BNF spokesmen said Thursday the political atmosphere in Minsk was tense following the request Tuesday of party leader Zenon Poznyak and party press secretary Sergei Naumchik for asylum.


Naumchik and Poznyak -- a Soviet-era dissident famous for his grim determination to dig up mass graves and to catalog the victims of Stalin's repressions -- were visiting Washington D.C. at the time, and their cause has won the attention of U.S. congressmen.


Belarussian authorities say Poznyak is wanted for questioning as a witness to anti-government rallies in March and April. But the BNF's Krivorot said other prominent BNF members, invited to police headquarters to give testimony, have been arrested and charged with crimes immediately upon arrival.


Throughout his two-year reign, Lukashenko, a former collective farm chairman, has worked at two seemingly contradictory goals: to expand the power of his office while surrendering the country's national sovereignty to Russia.


After a brief flirt with the red-and-white Belarussian flag, Lukashenko restored the national symbols of the Soviet Union and sought reunion with Russia. Although he occasionally speaks Belarussian, he makes a point of speaking Russian in most public appearances.


This nostalgia for the Soviet Union has given the drama unfolding in Belarus resonances for Russian politics, where Lukashenko has attracted the fervid sympathy of Communist Party leaders.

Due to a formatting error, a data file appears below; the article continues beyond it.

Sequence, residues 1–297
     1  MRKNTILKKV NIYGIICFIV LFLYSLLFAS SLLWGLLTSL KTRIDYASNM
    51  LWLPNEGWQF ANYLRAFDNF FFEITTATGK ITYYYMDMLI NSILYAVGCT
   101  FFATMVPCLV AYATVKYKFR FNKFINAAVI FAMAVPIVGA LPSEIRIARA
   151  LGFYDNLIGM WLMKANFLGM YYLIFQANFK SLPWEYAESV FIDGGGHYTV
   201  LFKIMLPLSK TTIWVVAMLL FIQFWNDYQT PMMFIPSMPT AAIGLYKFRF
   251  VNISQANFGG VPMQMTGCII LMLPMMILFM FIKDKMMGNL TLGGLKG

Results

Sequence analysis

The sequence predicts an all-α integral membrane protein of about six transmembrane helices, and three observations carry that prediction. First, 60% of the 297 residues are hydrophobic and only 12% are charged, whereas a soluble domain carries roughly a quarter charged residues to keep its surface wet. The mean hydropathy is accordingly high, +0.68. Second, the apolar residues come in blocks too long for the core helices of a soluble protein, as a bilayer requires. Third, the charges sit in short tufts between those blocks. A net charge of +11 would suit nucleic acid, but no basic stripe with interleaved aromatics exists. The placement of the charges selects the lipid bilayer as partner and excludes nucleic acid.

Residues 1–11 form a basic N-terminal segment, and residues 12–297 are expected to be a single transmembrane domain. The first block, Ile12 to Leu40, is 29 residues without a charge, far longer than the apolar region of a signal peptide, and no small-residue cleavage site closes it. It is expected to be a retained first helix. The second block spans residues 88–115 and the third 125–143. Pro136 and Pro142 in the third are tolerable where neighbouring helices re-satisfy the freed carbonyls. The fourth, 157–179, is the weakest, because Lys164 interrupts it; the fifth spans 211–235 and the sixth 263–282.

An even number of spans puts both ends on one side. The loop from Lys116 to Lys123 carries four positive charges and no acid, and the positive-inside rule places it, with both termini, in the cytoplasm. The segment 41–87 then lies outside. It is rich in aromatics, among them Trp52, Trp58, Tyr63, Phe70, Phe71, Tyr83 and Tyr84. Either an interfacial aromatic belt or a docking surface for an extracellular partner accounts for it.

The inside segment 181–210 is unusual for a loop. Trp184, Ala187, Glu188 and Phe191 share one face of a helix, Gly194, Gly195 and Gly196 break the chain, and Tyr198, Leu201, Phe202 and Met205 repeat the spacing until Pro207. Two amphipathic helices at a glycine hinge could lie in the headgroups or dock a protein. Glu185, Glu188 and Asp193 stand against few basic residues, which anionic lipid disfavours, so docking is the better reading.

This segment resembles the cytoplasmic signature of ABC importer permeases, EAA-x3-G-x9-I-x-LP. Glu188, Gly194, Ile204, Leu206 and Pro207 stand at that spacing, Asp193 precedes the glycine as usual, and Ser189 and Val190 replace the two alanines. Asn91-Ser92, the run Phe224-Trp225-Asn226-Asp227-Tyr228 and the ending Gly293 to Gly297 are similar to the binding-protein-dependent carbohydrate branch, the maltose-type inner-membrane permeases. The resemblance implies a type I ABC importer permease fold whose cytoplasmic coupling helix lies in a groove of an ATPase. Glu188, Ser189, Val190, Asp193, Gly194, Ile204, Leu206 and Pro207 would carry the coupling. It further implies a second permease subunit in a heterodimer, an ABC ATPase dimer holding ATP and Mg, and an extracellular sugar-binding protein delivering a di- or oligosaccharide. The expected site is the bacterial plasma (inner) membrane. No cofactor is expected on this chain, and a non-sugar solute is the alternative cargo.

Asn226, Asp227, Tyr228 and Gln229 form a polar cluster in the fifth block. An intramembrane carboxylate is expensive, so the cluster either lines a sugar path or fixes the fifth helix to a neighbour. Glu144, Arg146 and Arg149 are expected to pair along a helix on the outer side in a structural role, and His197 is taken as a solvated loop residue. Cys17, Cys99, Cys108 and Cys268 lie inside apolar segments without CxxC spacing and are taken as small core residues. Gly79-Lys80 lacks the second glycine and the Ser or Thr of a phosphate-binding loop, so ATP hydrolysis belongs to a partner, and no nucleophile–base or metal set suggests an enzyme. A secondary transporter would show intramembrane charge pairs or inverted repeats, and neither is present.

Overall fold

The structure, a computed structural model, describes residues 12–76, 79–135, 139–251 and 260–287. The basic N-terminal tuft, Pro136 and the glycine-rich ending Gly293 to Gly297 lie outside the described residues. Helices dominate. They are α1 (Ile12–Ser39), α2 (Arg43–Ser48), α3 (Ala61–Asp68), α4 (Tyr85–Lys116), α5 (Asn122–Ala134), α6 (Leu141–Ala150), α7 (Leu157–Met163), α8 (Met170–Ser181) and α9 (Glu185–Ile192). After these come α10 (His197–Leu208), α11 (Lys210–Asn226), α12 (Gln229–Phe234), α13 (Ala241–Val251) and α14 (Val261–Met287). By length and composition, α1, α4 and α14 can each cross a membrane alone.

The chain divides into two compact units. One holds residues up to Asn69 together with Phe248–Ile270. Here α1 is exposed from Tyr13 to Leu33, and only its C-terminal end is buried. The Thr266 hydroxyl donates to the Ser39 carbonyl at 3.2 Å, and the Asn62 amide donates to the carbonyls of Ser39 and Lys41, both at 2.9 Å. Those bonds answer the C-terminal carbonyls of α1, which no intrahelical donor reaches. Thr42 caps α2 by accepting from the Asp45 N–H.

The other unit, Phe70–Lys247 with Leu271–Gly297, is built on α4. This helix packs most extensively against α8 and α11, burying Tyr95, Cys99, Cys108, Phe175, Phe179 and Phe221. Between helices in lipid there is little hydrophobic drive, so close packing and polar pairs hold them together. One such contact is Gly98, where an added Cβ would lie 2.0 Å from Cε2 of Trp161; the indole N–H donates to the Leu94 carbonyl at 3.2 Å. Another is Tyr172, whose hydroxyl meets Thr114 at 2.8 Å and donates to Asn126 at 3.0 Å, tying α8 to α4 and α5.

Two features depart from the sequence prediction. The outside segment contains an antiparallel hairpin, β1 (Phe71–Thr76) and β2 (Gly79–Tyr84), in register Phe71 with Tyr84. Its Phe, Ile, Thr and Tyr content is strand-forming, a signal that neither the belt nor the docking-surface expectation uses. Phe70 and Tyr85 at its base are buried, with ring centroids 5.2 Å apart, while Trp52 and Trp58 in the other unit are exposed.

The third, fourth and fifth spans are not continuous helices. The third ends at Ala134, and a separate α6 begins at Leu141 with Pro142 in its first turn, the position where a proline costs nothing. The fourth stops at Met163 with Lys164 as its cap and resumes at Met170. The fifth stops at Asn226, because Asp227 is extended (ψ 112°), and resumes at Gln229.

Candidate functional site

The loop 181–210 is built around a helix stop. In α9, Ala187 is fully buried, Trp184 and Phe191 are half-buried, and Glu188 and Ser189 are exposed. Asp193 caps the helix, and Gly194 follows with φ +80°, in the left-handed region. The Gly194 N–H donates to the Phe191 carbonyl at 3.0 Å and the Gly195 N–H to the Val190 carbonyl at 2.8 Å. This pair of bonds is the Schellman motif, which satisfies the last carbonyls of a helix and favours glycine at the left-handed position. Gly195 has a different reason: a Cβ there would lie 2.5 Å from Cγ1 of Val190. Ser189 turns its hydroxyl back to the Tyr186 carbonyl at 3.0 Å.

Russia's Communist Party -- which has developed a strong nationalist strain -- has approved of Lukashenko's desire for Soviet-style reintegration, under which Minsk would inevitably be Moscow's junior partner.


Supporting their ally Lukashenko, the Communist Party has blamed the flare of political emotion in once-sleepy Belarus on the U.S. Central Intelligence Agency.


According to Viktor Ilyukhin, a prominent Communist and the chairman of the Duma's security committee, the CIA plans to assassinate "one or two" members of Lukashenko's opposition, and then blame the killings on Lukashenko.


Alexander Shipkova, a BNF member interviewed by telephone from Minsk, said Ilyukhin's comments were seen by the BNF rank-and-file as a threat from Lukashenko, communicated via his allies in Moscow. "This is an old KGB trick, to predict that the CIA will kill someone and then to kill them and say, 'See!'"